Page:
In the context of this case, an employer, like, Schlumberger, has a duty to use reasonable care in implementing and administering its drug program so as not to cause serious emotional distress to its employees.... So, the question, again, is: Did the defendant use reasonable care both in implementing the drug policy and in administering the urine test, given all of the circumstances surrounding its conduct and the particular concerns which the defendant had to meet? ...


If you find that the defendant has failed to use reasonable care in either respect, then you have to determine next whether the defendant's conduct foreseeablely [sic] caused the plaintiff serious emotional distress. Note, this is a little different. Here, we're not talking about whether there was an invasion of privacy, but whether there was a direct, serious impact on plaintiff's psychological well-being, if you will.


If you find that the plaintiff has shown that the defendant acted unreasonably in implementing and administering the drug testing and that a reasonable person in the plaintiff's position would have been seriously distressed, then, the answer to Question 2(a) is yes; otherwise it is no.


After the court completed the charge, defendant's counsel said:


On your instruction on Count 2, the intentional [sic] infliction of emotional distress, your Honor touched very, very briefly on the foreseeability issue, vis-a-vis, the employee; in other words, that it was reasonably foreseeable to the employer that a person in Mr. Kelley's position would have reacted the way he claims he did. I would ask that you go over that again, because I really think that was missed.


This comment does not satisfy the "uncompromising language" of Federal Rule of Civil Procedure 51. Elwood v. Pina, 815 F.2d 173, 175 (1st Cir.1987). Rule 51 requires that a party seeking to "assign as error the giving or the failure to give an instruction" must "stat[e] distinctly the matter objected to and the grounds of the objection." We have held parties to a firm adherence to Rule 51 because the very reason for the rule is to give the trial court an " 'opportunity to correct any errors before it is too late.' " Brown v. Freedman Baking Co., 810 F.2d 6, 9 (1st Cir.1987) (quoting McGrath v. Spirito, 733 F.2d 967, 968 (1st Cir.1984)); see Elwood, 815 F.2d at 174-76; CVD, Inc. v. Raytheon Co., 769 F.2d 842, 858-59 (1st Cir.1985), cert. denied, 475 U.S. 1016, 106 S.Ct. 1198, 89 L.Ed.2d 312 (1986); Jordan v. United States Lines, Inc., 738 F.2d 48, 50-51 (1st Cir.1984). If the objection is too ambiguous to give the trial court that opportunity, then the opportunity is missed, and the prophylactic purpose of the rule undermined.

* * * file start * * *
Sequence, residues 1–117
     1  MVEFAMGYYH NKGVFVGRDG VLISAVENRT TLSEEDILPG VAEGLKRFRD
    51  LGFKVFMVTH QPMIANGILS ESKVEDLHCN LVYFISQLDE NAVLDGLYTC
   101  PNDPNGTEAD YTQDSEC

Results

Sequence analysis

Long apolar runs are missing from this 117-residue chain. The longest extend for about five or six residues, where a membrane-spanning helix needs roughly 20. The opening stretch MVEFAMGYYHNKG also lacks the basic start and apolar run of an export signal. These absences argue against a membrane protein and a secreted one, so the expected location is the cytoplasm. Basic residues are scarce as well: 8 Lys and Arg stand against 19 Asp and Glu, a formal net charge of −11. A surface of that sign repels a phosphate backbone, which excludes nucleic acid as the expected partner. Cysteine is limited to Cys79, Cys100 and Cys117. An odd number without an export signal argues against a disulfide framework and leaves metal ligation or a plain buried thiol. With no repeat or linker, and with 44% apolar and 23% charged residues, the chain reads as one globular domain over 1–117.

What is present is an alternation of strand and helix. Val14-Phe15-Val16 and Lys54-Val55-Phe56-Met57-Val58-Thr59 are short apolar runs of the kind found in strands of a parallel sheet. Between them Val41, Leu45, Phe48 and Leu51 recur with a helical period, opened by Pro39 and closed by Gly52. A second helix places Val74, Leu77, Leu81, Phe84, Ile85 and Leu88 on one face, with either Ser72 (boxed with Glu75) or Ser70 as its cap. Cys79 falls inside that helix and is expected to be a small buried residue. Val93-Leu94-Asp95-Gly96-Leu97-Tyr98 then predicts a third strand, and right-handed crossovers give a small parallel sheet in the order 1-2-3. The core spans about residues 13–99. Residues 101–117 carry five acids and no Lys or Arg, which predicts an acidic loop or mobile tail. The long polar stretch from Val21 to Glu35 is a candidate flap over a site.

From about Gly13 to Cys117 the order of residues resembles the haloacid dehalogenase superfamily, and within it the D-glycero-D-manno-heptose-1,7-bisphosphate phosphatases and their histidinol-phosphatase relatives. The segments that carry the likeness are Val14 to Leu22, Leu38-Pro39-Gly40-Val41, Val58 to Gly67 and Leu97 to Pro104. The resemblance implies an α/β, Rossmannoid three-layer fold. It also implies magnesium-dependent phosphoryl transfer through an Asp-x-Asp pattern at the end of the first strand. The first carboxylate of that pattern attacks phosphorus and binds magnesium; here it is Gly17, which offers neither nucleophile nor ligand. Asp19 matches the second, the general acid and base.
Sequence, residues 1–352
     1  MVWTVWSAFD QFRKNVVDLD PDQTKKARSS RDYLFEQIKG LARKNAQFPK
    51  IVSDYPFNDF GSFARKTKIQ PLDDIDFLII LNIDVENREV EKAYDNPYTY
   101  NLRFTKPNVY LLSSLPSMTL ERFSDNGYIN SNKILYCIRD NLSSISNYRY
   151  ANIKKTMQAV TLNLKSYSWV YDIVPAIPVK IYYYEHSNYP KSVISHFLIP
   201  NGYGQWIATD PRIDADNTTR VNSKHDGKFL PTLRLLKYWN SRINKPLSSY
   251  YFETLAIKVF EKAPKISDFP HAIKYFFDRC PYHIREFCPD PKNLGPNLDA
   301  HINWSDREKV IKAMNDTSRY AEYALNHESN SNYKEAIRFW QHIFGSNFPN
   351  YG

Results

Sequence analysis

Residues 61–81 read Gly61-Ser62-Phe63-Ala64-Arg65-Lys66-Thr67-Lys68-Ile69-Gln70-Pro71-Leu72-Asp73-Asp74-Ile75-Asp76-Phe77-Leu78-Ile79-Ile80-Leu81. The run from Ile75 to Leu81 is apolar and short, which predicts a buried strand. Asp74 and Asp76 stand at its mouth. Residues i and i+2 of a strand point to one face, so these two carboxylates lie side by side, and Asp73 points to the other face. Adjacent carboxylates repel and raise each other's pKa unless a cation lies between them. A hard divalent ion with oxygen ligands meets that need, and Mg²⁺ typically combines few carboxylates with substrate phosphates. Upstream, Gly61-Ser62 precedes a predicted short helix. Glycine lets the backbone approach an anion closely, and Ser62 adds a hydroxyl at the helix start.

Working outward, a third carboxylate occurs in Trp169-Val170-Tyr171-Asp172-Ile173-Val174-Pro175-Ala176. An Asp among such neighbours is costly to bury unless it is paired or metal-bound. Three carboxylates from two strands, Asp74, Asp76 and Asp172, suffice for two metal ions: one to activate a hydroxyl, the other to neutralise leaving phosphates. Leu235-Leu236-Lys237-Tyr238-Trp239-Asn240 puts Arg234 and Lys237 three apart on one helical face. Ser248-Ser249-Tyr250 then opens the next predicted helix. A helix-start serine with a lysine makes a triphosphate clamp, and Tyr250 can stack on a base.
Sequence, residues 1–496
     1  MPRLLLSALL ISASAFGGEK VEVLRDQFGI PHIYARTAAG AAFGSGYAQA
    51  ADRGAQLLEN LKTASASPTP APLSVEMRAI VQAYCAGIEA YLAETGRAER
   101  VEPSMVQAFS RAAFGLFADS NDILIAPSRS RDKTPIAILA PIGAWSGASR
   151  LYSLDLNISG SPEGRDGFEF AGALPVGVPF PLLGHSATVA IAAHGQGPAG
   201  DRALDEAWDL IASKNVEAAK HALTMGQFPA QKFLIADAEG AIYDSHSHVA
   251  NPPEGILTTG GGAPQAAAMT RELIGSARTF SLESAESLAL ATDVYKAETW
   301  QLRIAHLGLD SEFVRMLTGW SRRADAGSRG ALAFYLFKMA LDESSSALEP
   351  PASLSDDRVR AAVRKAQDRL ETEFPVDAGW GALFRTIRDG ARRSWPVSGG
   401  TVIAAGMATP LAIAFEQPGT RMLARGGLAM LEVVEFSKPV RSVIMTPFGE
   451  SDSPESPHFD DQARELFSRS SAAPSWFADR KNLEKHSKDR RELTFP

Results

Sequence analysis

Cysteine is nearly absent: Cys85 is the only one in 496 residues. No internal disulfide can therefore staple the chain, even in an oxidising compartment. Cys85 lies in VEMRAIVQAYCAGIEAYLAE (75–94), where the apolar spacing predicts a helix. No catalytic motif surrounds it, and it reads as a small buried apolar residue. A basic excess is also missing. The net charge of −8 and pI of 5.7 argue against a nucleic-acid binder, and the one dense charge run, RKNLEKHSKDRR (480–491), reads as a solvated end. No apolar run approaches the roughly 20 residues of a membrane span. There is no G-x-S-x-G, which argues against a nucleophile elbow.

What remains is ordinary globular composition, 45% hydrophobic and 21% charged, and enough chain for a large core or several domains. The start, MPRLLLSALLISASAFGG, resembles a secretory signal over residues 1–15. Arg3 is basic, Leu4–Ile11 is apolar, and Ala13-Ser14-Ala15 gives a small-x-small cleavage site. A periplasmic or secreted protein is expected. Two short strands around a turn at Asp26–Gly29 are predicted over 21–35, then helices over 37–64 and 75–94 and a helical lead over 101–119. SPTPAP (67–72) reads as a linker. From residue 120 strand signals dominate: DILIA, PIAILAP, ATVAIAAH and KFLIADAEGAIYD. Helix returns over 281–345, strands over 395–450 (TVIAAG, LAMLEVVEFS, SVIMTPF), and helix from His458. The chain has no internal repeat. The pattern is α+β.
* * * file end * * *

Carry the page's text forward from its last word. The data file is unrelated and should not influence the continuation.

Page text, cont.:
Counsel here complained that the court "touched very briefly" on the "foreseeability issue" and that he would like for the court to "go over that again." He did not explain with precision which aspect of the charge was objectionable. Nor did he explain how the phrase that he set forth--"that it was reasonably foreseeable to the employer that a person in Mr. Kelley's position would have reacted the way he claims he did"--differed from the language used in the charge. His failure to object with the requisite specificity amounts to a failure to object. Accordingly, we will only reverse the judgment if "there is plain error 'in exceptional or under peculiar circumstances to prevent a clear miscarriage of justice.' " Brown, 810 F.2d at 9 (quoting Nimrod v. Sylvester, 369 F.2d 870, 873 (1st Cir.1966)); see Morris v. Travisono, 528 F.2d 856 (1st Cir.1976) (applying "plain error" exception to Rule 51).


We see no "plain error" here. In fact, we see no error at all. The controlling law in the case was the law of Louisiana.1 In Louisiana, a plaintiff may recover for negligently inflicted emotional injuries even in the absence of any accompanying physical injury. See Chappetta v. Bowman Transp., Inc., 415 So.2d 1019, 1022-23 (La.App.1982). Liability is limited, however, "to those emotional injuries that were foreseeable or that could have been reasonably anticipated to result from the negligent act." Id. at 1023. Moreover, the "mental suffering must be more than minimal worry and inconvenience over the consequences of the damage." Dousson v. South Central Bell, 429 So.2d 466, 469 (La.App.1983) (citing Meyers v. Basso, 381 So.2d 843 (La.App.1980), writ denied, 384 So.2d 794 (La.1980)).


The defendant asserts that "the court should have instructed that the plaintiff could recover only if his emotional distress was foreseeable, that it anticipated that a reasonable person in the plaintiff's position would have sustained serious emotional distress as a result of the defendant's conduct." The language used by the court appears in the charge at two points. First, the court instructed the jury "to determine next whether the defendant's conduct foreseeablely [sic] caused the plaintiff serious emotional distress." Later, the court instructed that the defendant could be held liable only if the jury found "that a reasonable person in the plaintiff's position would have been seriously distressed" by the defendant's implementation and administration of the drug testing program. We simply fail to understand how any construction of this language could be found to differ substantively from the language offered here by defendant. The court communicated the defendant's point, almost word for word. More importantly, the court "properly convey[ed] the applicable law of the case." Kibbe v. City of Springfield, 777 F.2d 801 (1st Cir.1985), cert. dismissed, 480 U.S. 257, 107 S.Ct. 1114, 94 L.Ed.2d 293 (1987) (citations omitted); see McKinnon v. Skil Corp., 638 F.2d 270, 275 (1st Cir.1981) ("As long as the judge's instruction properly apprises the jury of the applicable law, failure to give the exact instruction requested does not prejudice the objecting party.").